There are mounting pressures against government to withdraw from war and instead focus on economic development at home which have led to spiraling unemployment rate. Many countries have largely decreased their military budgets which has decreased their potentials to remain engage at any costly struggle.

In addition, the government approach towards militants has changed profoundly. Or perhaps, did not, but now Afghan officials feel free to voice out their lasting suppressed true sentiment and concept of Taliban militants. Taliban are not anymore an armed anti-government force that should be erased or forced to lay down arms but dissent brothers who should be welcomed and their demands should be met. As a policeman told me once that during training they are told continuously to avoid killing militants and try their best to arrest them alive because they are also from Afghanistan and your brothers.

Numbers of suicide bombers and militants who were arrested finally could make to escape from prison or released by government on the account not to rejoin militants. While later on, Afghan security forces detained those who were previously released from the prisons. While, on the other hand, Taliban militants are trained as whoever works or support foreign forces are guilty, and according to Sharia should be killed.

So, is not this struggle unequal? On one side, there are those who believe that killing their enemies is their religious obligation, while on the other side are those who maintain that their enemies are their brothers; should remain alive, no matter at what price! In another word, killing their enemies is a mistake and God would punish them in the hereafter.

This is the most dangerous notion that terribly affects Afghan security forces psychologically.

The second issue is mismanagement and widespread corruption. It is largely believed that no matter how giant natural resources may be, if the process of extraction and processing do not become transparent, the so-called natural wealth has least effect on common people's lives. Reports already revealed bribery of top Afghan officials by companies who have made investment.  In such case, only few rulers will benefit the most and common people only sigh in pain.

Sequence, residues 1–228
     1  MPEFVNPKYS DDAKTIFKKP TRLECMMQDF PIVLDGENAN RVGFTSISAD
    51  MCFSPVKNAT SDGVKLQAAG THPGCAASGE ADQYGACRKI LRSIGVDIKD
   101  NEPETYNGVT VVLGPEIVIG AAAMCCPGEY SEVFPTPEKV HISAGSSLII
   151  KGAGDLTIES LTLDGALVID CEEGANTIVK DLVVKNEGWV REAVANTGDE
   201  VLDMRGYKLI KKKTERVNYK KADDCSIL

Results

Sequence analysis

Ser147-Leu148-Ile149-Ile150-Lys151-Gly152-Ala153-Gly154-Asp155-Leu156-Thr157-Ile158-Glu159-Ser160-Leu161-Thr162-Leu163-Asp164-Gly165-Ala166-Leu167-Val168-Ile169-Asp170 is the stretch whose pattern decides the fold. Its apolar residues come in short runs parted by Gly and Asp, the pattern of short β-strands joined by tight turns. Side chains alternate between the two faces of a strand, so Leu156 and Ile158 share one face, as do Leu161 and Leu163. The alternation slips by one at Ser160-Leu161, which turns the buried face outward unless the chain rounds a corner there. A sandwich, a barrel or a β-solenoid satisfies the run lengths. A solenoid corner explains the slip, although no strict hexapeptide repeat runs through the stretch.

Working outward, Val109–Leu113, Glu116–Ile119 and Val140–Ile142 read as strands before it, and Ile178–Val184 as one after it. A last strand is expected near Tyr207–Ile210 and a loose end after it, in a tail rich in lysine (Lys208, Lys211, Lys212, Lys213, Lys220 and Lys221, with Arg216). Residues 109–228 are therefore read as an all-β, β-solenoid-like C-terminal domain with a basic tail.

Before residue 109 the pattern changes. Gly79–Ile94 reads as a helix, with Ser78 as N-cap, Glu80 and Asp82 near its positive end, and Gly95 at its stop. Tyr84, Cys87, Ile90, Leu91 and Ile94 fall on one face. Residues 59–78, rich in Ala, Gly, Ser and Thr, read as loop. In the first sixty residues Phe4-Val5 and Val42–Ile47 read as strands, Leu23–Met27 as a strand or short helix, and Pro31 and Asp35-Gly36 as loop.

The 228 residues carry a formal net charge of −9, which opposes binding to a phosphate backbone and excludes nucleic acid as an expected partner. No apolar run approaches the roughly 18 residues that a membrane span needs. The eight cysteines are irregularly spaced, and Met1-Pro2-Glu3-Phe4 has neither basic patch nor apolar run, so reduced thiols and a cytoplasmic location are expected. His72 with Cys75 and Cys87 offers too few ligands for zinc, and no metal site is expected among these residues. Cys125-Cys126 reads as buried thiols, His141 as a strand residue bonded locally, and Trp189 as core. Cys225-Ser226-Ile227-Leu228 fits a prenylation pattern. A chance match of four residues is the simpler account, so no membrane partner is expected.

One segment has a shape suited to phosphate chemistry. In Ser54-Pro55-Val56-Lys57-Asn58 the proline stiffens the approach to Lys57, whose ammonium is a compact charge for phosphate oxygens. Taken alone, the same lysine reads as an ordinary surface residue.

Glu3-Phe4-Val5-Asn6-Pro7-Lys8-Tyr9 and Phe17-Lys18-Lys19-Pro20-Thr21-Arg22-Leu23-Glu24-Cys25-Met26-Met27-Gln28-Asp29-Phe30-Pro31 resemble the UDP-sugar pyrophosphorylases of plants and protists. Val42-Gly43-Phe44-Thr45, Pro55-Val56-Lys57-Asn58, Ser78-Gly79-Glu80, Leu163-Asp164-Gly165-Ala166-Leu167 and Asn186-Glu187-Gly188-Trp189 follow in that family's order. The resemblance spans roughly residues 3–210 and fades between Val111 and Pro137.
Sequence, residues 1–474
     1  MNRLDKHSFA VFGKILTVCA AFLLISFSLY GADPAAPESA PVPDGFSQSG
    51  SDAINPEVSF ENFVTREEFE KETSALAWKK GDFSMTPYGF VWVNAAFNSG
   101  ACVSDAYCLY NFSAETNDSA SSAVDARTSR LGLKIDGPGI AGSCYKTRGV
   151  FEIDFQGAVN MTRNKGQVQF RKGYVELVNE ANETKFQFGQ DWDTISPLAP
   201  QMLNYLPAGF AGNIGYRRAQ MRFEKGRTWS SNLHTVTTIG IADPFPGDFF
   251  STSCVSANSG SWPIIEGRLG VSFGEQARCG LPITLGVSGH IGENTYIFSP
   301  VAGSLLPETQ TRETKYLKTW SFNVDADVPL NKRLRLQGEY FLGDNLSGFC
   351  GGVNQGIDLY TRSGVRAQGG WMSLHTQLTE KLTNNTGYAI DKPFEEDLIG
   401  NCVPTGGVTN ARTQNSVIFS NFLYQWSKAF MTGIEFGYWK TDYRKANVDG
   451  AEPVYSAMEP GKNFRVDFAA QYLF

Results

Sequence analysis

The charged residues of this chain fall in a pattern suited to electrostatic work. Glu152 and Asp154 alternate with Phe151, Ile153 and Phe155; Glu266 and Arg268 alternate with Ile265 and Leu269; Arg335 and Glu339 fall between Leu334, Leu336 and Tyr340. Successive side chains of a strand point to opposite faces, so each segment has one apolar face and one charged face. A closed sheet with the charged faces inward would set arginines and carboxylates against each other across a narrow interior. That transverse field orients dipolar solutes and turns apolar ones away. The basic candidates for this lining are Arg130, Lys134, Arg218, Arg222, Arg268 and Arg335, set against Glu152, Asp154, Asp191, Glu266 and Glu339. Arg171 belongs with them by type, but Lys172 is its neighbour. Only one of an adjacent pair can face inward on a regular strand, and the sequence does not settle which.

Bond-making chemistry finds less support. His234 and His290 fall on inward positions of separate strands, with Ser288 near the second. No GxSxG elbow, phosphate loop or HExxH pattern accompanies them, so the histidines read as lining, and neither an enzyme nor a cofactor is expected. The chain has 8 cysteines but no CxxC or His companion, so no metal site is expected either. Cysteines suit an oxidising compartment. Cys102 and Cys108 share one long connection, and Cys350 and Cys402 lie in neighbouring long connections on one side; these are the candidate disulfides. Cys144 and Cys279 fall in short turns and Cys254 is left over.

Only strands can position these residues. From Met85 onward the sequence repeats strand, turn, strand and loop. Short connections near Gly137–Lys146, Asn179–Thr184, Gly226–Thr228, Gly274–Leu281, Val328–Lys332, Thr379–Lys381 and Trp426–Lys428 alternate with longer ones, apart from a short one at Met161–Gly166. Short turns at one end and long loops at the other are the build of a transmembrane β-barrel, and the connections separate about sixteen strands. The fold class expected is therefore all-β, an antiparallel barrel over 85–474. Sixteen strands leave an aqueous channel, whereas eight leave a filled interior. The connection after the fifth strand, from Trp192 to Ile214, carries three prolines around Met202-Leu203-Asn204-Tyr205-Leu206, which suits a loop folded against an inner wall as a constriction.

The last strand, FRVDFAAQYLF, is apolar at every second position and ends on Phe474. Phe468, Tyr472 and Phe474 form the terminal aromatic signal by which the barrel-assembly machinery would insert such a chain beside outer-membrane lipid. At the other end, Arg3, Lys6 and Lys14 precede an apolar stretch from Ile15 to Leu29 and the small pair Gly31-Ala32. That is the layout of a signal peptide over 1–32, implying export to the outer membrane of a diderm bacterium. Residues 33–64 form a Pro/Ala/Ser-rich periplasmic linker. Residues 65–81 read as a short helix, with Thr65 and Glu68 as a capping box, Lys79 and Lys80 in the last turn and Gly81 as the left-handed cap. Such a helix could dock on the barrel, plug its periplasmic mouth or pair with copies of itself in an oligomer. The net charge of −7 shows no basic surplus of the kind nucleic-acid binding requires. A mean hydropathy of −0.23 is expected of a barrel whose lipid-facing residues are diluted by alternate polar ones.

The only hope is engagement of economically strong countries like China, Russia and India whose interests move exactly in parallel to political stability. Perhaps, they might pay endeavor to help the government bring stability and fight its armed opposition.  For example, India has kept close relation with Afghanistan, intends to support a democratic civil government and ensures that Taliban or Taliban-like regimes would not capture power once again, because in such case, there is high possibility of growing threat to its security and strategic interests. Establishment of an Islamist government and sheltering as well as helping terror networks will certainly mount menace of homegrown terrorism.

Additionally, India is one of the fastest growing economies in the world. To fuel the giant machine of industries, it is in need of rich energy resources and raw materials. Afghanistan as a country with huge mineral and natural resources is an attractive market for investment. Therefore, several India companies have already have won bid and watching out for restoration of peace and stability of larger investment in vital sectors.

Masood Korosh is the permanent writer of Daily Outlook Afghanistan. He can be reached at outlookafghanistan@gmial.com